After seeing the satellite photo for Feb. 10, I was a bit more excited about our prospects for the pelagic trip on the following day. It seemed that cold water had finally washed down below the Cape and maybe it would stay for a few days. Then clouds moved in and we could not tell what was going on until we left to find out first hand on Saturday morning. Light rain was falling before we left the dock and the wind, which was predicted to freshen to gale force by early evening, was still light. Unlike the previous weekend, we had a full trip, and everyone had high hopes for a Great Skua. I thought we might get lucky and score a Dovekie or Puffin if we could find a good change east of the Cape, so I headed out toward the shelf break for starters. It did not take long to find warm water. A lot had changed in 24 hours. Where I was hoping for 55 degree water, it was 65 to 70, so we never made it past 20 fathoms there. The first couple of hours out were rather dull, and the only pelagic birds we found were a couple of uncooperative Northern Fulmars. Working to the northwest, we did come upon a rough temperature break and some more target birds by mid morning. All of a sudden we were seeing Razorbills and more fulmars in this cooler water. A young Black-legged Kittiwake also trailed distantly behind the boat. There was a good showing of Loggerhead Sea Turtles, including an amorous pair. We found a small number of Red Phalaropes where the break was sharpest, going from about 60 to 70 degrees. Moving closer inshore, there was a steady procession of gannets, mostly moving northward on a broad front. This was where I felt we might find a skua, but we traveled for miles with no luck. As a consolation prize, a second winter Iceland Gull followed us for miles. Finally at 14:33, George Armistead spotted a skua moving off the port side at medium distance. People were able to see it, as it stayed in view for a while, but never charged us. Less than 20 minutes later, possibly the same Great Skua charged our flock of gulls and gannets, making one nice pass. This was in the same area where we had seen a pair of Bonxies last Saturday. The wind started to freshen and it got cloudier. By the time we had crossed Diamond Shoals, I was about ready to pack it in and steam to Hatteras Inlet. A nice flock of Bonaparte’s Gulls was feeding nearby, so I veered a few hundred yards seaward to check them out, hoping for a Little Gull. There was no Little Gull, but a nice flock of Red-breasted Mergansers was feeding there over three miles offshore! Then it was pandemonium when the brown bomber returned to have a go at our flock. It was the best Bonxie show in at least couple of years and many photos were taken. After the skua peeled off, we did vacate the area, not wishing to be on the water when the gale came on. A few minutes later, a skua did appear behind the boat and followed for a couple of miles. A Manx Shearwater also made a close showing in the wake for Kate and the others back there watching. We got back to the dock ahead of the front, and bunch of happy people disembarked the boat.

Target Seabirds:
Northern Fulmar- 11
Manx Shearwater- 2
Red Phalarope- 5
Black-legged Kittiwake-1
Great Skua- 1 or 2
Razorbill- 35

Rare Gulls:
Iceland Gull- 1 second winter

Other seabirds-
Common Loon, Red-throated Loon, Northern Gannet, Herring, Great Black-backed, Lesser Black-backed, and Bonaparte’s Gulls, Red-breasted Mergansers.

Other Marine life-
Loggerhead Sea Turtle (9), Scalloped Hammerhead (default sp.) (2), and dozens of inshore Bottlenose Dolphins

(By clicking on images you can scroll through them full screen)

Images of Great Skua:
Second Winter Iceland Gull
Northern Fulmar
Subadult Northern Gannet diving amidst the flock
one half of the amorous pair...
Lesser Black-backed Gull
Northern Gannet coming in!
Northern Fulmar joins the melee (note Iceland Gull far left)
Some of the fish heads were very large...

Monday, February 6, 2012

Feb. 4, 2012 Hatteras Pelagic Trip on Stormy Petrel II

Kate Sutherland and I went to sea with a small group on Saturday for the first pelagic trip here since late December. Water temperatures have been remarkably high all winter, so I did not expect to see much in the way of alcids south of Diamond Shoals. With this in mind we decided to check out the west wall of the Gulf Stream first and then make a northwesterly tack to inshore waters a bit north of Avon. We found good numbers of gannets just a few miles offshore, but these birds were mostly heading to the southwest. I figured there would be more gannets to the north of the shoals, so I stuck with the game plan. We found a ragged edge with water temperatures up to about 70 degrees just a few miles SE of Diamond Tower. I was hoping to find a number of Bonaparte's Gulls and Red Phalaropes along this condition, but that did not pan out. We saw a couple of phalaropes where we landed on the change, but the next ten miles was, unfortunately, devoid of phalaropes. There were several Northern Fulmars working around the change, however, and we had great looks as they landed repeatedly on the water nearby and circled the boat. Kate's chumming attracted a lone Great Shearwater, which put on a show diving for bait the gulls could not reach. A single Manx Shearwater made one pass up the starboard side of the boat at medium distance. We also saw at lest half a dozen Manta Rays feeding along the change. The change became more diffuse as we traveled northward, so I gave up on looking for phalaropes and Dovekies offshore. Working back in to the beach, it was fairly quiet, but we did find a small concentration of Boneys feeding around some foamy water. Closer to the beach, within five miles or so, we found good numbers of gannets, dozens of Bottlenose Dolphin and a few Loggerhead Sea Turtles. A few of us got a look at a distant skua that was rapidly heading north. I decided to head south and I hoped for another skua sighting around Diamond Shoals. We saw a few Razorbills along the way south, all flying birds. Around the north end of the shoals, a pair of Great Skuas crossed our bow heading offshore in the same direction as most of the gannets in the area. We jogged offshore for a little while, hoping they might circle around and harass some birds, but it never happened. Across the shoals, it was fairly quiet back to Hatteras Inlet, but we did have nice looks at a swimming Razorbill. The wind was picking up from the southwest when we got back to port, and it made me think about how lucky we had been with the weather. The only whitecaps we saw were small ones at the edge of the Gulf Stream, and there had been no spray all day! It had been a great day to explore the ocean and take photos, even if the birds were a bit sparse. We found out the skuas were there, and now we'll see if they want to play on Feb. 11!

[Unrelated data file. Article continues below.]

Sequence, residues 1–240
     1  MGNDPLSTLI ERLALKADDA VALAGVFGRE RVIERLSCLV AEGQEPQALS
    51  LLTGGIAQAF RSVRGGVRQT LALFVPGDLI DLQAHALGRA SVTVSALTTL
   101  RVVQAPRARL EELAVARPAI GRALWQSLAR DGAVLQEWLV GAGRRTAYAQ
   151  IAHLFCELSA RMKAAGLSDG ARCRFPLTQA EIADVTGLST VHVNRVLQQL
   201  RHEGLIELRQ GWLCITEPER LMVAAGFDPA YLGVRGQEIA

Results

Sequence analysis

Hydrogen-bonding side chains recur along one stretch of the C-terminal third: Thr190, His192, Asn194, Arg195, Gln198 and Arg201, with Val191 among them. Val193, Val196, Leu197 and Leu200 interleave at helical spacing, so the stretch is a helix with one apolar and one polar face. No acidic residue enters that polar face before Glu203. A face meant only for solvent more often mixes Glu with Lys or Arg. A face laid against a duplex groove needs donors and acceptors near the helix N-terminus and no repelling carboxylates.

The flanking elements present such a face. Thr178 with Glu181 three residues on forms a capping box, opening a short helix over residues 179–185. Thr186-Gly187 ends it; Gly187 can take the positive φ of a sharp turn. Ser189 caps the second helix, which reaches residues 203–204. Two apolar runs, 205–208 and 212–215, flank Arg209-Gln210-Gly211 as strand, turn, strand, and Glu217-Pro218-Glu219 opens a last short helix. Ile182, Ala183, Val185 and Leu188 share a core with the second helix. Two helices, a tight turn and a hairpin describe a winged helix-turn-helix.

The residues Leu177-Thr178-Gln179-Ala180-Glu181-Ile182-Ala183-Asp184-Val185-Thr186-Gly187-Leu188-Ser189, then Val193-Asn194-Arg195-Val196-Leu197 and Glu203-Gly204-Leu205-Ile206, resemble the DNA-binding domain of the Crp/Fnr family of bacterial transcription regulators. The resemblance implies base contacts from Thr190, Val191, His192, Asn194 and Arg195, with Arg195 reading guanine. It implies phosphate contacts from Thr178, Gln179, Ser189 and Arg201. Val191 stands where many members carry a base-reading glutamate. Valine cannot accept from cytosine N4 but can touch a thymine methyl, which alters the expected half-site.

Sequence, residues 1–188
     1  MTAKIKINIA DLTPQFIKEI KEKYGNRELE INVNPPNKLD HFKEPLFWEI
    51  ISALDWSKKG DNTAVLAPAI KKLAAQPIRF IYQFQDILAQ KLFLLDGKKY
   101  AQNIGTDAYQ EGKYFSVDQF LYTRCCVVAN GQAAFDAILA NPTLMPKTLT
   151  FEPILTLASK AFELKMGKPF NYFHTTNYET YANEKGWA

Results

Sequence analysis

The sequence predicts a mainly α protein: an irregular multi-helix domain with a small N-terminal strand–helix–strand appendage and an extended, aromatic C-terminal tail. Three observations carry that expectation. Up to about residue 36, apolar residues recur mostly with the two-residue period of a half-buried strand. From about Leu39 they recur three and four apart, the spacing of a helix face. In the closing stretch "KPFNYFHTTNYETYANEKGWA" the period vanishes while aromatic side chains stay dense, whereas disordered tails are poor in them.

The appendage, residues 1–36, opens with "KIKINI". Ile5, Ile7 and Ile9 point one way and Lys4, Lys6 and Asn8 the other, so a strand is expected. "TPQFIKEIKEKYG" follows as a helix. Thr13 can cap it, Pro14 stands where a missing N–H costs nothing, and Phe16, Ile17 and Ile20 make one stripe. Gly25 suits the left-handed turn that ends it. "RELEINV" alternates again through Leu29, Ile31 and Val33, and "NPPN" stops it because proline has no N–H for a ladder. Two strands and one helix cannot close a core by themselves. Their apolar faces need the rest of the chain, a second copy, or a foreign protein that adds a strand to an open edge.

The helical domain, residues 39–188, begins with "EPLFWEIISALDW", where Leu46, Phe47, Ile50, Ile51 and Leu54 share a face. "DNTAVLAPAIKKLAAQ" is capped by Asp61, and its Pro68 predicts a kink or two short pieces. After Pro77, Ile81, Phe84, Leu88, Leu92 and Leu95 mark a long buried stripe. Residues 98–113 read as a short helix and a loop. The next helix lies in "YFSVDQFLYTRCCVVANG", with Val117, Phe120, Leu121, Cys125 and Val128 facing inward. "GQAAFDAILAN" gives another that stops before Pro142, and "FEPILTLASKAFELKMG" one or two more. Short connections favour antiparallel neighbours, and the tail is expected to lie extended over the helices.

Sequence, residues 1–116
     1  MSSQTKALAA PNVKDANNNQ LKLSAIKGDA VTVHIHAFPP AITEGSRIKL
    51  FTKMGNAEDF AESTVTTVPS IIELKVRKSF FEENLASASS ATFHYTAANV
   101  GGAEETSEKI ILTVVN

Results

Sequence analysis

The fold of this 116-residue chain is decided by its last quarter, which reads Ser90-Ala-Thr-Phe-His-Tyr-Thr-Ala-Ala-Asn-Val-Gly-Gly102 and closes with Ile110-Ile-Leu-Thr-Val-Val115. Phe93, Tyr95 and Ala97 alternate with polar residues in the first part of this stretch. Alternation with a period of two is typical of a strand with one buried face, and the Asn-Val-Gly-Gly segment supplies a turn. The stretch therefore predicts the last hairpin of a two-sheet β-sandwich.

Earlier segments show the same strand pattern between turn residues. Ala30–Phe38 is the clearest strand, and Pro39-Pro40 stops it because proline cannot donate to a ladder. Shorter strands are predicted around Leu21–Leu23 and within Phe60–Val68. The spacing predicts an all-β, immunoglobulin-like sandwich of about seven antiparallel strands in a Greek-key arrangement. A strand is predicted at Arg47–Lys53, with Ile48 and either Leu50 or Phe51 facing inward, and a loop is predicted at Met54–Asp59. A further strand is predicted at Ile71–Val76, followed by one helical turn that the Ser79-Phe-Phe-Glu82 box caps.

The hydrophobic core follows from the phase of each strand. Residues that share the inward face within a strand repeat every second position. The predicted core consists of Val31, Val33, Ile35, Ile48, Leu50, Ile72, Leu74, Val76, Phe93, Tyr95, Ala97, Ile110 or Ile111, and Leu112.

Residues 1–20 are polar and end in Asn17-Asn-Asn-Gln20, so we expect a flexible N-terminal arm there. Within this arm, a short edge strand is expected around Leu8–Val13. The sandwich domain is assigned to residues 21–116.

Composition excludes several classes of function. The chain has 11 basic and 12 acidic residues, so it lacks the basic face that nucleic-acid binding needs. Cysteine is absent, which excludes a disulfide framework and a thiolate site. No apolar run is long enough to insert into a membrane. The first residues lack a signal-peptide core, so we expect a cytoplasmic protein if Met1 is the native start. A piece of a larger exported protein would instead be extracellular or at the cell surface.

Seabirds & Marine Life ~

Red-throated Loon - I only saw one close to the boat, probably more closer to the beach
Common Loon - 17; several well offshore
Northern Fulmar - 15+; could have been a few more
Great Shearwater - one
Manx Shearwater - one
Red Phalarope - 3; one inshore
Great Skua - 3; not interested in our feeding flock today
Iceland Gull - one first winter, followed the boat
Razorbill - 26; mostly flying birds, good looks at one

Loggerhead Sea Turtle - 7; a few well inshore
Manta Ray - 6; all along "the change"
Bottlenose Dolphin - dozens of dozens; best numbers off Avon and near Hatteras Inlet
Little Tunny (False Albacore) - many seen chasing bait at surface inshore of Gulf Stream

Images from the day: Razorbill on the water, Great Shearwater after a dive, Northern Fulmar on "the change", & Iceland Gull